Lynn Seiser wrote:
IMHO, exhaustion only makes me sloppy and dangerous to myself and everyone I work out with. There are more productive and constructive ways to move correctly.
Just because its old doesn't mean its accurate. If that were the case I would be right more often.
I do believe it trains some sense of mental and physical toughness. The old "when you don't have anything left, show me what you got" idea.
I completely agree with Lynn's post.
Sometimes new ways are found to achieve the same ends that were always done in a certain way. If they weren't there would be no progress.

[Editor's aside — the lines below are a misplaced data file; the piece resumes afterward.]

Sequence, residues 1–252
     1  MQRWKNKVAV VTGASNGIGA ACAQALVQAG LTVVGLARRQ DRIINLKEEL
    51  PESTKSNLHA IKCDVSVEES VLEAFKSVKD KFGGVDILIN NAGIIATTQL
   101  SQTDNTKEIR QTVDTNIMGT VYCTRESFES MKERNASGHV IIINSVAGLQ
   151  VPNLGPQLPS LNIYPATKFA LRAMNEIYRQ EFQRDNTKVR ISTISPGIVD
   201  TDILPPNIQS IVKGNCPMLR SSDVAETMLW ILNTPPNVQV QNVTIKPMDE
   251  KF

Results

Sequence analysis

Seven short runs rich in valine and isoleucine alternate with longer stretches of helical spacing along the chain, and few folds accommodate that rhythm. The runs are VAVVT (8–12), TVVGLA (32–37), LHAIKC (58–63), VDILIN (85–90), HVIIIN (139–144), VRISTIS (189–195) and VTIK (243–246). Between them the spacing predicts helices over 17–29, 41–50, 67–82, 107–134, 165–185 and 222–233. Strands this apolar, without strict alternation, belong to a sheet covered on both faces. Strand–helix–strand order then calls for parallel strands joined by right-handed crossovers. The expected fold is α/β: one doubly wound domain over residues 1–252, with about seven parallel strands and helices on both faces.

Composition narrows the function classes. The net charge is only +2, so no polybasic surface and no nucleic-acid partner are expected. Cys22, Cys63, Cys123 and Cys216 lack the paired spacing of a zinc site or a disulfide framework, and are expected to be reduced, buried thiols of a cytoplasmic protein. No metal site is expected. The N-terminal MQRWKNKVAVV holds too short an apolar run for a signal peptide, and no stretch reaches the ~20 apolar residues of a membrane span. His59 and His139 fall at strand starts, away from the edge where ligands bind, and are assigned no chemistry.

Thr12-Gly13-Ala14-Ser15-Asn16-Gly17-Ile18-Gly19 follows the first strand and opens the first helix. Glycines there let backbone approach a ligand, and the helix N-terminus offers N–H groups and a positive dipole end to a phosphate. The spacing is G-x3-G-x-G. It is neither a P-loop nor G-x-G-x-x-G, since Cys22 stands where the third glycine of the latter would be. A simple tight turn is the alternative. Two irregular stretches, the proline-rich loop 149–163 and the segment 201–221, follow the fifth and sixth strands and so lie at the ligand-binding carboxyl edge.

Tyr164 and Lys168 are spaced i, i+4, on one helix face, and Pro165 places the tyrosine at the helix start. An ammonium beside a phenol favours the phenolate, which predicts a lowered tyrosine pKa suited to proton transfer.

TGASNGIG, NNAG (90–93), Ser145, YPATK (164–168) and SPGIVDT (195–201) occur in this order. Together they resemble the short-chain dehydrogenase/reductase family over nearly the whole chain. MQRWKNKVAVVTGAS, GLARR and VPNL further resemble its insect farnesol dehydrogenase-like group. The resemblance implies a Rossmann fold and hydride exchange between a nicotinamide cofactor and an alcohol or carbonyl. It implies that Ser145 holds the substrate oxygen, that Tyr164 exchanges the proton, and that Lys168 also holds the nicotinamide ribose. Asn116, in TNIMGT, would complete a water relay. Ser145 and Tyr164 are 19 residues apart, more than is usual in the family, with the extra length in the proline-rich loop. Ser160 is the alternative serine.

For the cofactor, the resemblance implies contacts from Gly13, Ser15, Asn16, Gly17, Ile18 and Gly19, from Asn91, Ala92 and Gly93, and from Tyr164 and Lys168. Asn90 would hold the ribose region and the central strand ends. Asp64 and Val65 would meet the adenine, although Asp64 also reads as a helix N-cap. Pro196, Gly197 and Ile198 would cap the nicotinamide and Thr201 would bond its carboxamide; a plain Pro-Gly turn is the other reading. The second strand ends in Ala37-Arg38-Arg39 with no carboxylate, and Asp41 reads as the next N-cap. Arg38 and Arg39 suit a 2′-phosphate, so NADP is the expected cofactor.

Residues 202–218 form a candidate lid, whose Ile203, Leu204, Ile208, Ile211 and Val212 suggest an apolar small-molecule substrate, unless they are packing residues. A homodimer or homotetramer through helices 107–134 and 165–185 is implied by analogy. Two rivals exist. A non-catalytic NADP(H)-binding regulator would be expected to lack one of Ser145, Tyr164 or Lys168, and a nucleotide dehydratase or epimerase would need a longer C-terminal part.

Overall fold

Yesterday I attended a course given by one our chief instructors, and we spent the whole course working on one shihonage exercise. The exercise broken down into its component movements, and each one examined before moving onto the next. At each stage the correct posture, movement and mental aspect was practiced before moving onto the next. By the end when the whole exercise was practiced you could be in no doubt that 'muscling through' was not part of the last 4 hours of study.
So no exhaustion, only a very clear picture / experience of correct movement.
I also agree that there is a place for getting exhausted, but I don't think it is very beneficial as a learning / teaching tool.